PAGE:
Would you believe I’ve finally been blogging long enough to start posting repeat garments? These are a couple of winter tops I whipped up to sew through a bit of stash fabric.
The first is the Tessuti Frankie Top. You may recall I made the short sleeve variation over summer (in this exact fabric!) and wasn’t quite happy with the fit. This time, I sewed the long sleeve variation, sizing down to an L (with added width in the arms). Following Marjorie’s example, I lowered the front neck by 5.5cm, the back by approx. 2cm, and replaced the neck finish with a 1.5cm wide band. The shoulders were also brought in a little for more coverage.
It definitely fits better around the neck with this finish, and the fabric and cut make for a very comfortable winter tee. But after two tees with this fabric, it was time to retire it, so I’ve posted the rest off to Bridgette – I’m excited to see what she makes with it!
The other tee is the free Grainline Hemlock Tee, which was actually one of the first projects I shared on this blog. I had found a small piece of what I assume to be a stable cotton knit at Salvo’s for 50c and was pleasantly surprised to find the Hemlock pieces just squeezed on if I pieced the neckband. I even managed to keep my usual added length to the sleeves! (But not the body.)
I’ve sewn enough of this pattern to make my praise kind of redundant, but anyway: it’s a great free pattern, and I highly recommend it for anyone who wants a casual, quick sew.
Some boring technical details, because I always stare at blogged garment photos thinking, how did you do that?? Hems are overlocked, pressed up and topstitched with a 4mm twin needle. I struggled with twin needles for a long time before realising the trick to getting it right was having my machine serviced. WHO KNEW. If a hem is flimsy (which neither of these were), I’ll stabilise it with some Steam a Seam 2 Lite – a sample will always tell you what you need to do.
I apply neckbands by cutting a long strip x 4cm wide, pressing in half, then basting in by feel. Curves need more tension in the band than straight sections, but overall I find I always need to stretch the band more than I expect. Once I’ve tried it on, I can tighten any floppy sections then seam and overlock in place (with twin needle topstitching again).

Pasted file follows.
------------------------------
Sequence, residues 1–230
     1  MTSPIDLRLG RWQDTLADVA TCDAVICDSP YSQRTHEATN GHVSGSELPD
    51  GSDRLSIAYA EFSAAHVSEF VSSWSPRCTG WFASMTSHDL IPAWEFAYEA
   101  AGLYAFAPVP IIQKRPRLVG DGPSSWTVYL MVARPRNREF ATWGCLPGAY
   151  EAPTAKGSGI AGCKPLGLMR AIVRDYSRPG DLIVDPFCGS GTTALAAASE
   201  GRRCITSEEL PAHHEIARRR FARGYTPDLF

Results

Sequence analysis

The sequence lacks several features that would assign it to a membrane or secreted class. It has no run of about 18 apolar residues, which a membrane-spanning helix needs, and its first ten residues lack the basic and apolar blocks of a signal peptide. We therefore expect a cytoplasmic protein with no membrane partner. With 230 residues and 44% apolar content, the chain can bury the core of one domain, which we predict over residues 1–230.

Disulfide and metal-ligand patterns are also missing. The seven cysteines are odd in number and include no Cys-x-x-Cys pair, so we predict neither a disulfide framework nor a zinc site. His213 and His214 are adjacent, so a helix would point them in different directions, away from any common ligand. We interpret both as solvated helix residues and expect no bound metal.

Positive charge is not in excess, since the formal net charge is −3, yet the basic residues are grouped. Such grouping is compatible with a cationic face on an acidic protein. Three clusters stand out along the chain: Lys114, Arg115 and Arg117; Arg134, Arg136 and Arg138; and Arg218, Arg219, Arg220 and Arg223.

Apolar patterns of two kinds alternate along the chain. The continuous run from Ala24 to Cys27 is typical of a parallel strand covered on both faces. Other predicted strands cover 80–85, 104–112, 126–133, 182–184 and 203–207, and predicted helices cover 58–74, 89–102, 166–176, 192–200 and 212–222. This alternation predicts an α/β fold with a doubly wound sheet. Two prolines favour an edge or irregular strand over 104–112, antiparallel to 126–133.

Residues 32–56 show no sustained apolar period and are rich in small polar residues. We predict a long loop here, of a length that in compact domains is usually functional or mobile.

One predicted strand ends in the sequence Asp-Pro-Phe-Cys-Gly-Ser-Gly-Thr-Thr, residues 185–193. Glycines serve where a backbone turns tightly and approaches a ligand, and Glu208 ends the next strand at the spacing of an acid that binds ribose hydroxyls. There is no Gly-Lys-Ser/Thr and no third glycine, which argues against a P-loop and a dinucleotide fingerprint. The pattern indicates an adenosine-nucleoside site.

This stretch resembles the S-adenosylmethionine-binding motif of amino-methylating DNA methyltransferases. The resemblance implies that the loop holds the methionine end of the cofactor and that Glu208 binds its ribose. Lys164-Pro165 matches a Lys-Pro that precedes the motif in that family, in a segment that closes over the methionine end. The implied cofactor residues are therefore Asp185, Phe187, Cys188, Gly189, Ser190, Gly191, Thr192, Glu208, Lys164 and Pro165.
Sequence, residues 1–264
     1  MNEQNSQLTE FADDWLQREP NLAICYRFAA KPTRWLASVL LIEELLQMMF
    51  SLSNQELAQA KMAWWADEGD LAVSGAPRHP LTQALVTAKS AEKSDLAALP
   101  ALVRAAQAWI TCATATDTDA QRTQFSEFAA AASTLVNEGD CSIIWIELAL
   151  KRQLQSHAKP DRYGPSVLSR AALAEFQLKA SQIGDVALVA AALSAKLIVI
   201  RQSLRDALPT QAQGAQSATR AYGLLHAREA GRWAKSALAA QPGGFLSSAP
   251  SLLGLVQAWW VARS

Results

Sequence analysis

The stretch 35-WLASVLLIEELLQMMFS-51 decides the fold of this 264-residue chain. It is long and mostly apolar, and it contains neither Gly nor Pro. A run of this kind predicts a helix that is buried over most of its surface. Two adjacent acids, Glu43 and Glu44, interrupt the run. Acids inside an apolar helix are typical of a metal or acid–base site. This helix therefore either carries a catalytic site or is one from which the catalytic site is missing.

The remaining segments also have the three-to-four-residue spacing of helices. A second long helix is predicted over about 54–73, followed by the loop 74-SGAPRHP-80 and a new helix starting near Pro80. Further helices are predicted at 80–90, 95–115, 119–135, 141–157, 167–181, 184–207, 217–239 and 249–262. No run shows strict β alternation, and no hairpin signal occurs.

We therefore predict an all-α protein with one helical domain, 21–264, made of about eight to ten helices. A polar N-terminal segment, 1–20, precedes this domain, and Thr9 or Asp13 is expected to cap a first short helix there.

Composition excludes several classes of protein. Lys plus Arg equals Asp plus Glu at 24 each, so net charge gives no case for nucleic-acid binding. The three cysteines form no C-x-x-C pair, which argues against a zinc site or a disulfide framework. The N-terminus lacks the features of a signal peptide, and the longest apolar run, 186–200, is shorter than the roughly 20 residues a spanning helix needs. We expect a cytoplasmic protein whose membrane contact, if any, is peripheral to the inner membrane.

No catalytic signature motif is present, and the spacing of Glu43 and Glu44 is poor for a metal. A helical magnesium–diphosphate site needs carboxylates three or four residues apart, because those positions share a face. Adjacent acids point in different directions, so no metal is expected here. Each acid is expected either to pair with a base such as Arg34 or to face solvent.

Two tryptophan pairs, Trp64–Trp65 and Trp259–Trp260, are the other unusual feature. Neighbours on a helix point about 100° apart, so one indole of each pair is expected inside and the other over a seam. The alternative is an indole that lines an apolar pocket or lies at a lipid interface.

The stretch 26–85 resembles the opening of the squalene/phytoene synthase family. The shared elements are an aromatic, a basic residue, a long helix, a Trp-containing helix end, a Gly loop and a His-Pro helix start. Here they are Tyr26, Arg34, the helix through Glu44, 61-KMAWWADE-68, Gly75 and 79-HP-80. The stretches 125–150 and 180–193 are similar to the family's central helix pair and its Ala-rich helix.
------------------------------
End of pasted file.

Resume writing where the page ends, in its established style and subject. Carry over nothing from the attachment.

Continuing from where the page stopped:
I’ve been slowly catching up on photographing some old, unblogged projects (as weather permits!), so I hope to have a few more posts for you soon.
Pattern: Tessuti Frankie Dress and Top
Pattern details: “This perfect jersey knit style is a fabulous wardrobe winner suitable for all seasons. The pattern features a flared hemline, set in sleeves and comes with numerous style options – two dress lengths, a top and four sleeve lengths (short, elbow, three quarter and full). The stitched down, back facing creates a neat and secure neckline.” Available as a PDF download or limited stock paper pattern in sizes XXS-XL.
Fabric: Cotton spandex knit in pussy bow, ivory from Spotlight.
Other materials: Clear elastic, to stabilise shoulders.
Mods: Size L
– Moved shoulder seam forward just a couple of mm’s
– Sewed tee length with long sleeves
– Widened sleeves 8mm either side at hem
– Brought shoulder in towards neck 1.5cm
– Lowered front neckline 5.5cm, back neck a few cm’s too
– Finished neck with self-neckband
– Shortened sleeves 2.5cm
Pattern: Grainline Hemlock Tee
Pattern details: “The Hemlock is an oversized tee that was designed with knits in mind. This tee is just the right amount of slouchy. With its bracelet length sleeves, dropped shoulder seams, and a hem hits below the hip it’s the perfect comfy top to pair with jeans, skinny leg trousers, shorts, and straight cut skirts!” Available as a free PDF download.
Fabric: Mystery knit from the op shop, likely a stable 100% cotton, perhaps with a bit of poly.
Other materials: Clear elastic from Aliexpress, to stabilise shoulders.
– 1/2″ forward head adjustment, same done to sleeve cap
– Lengthened sleeves approx. 8cm for full length
– Cut own neckband, 4.5cm wide (6mm SA), and stretched to fit when sewing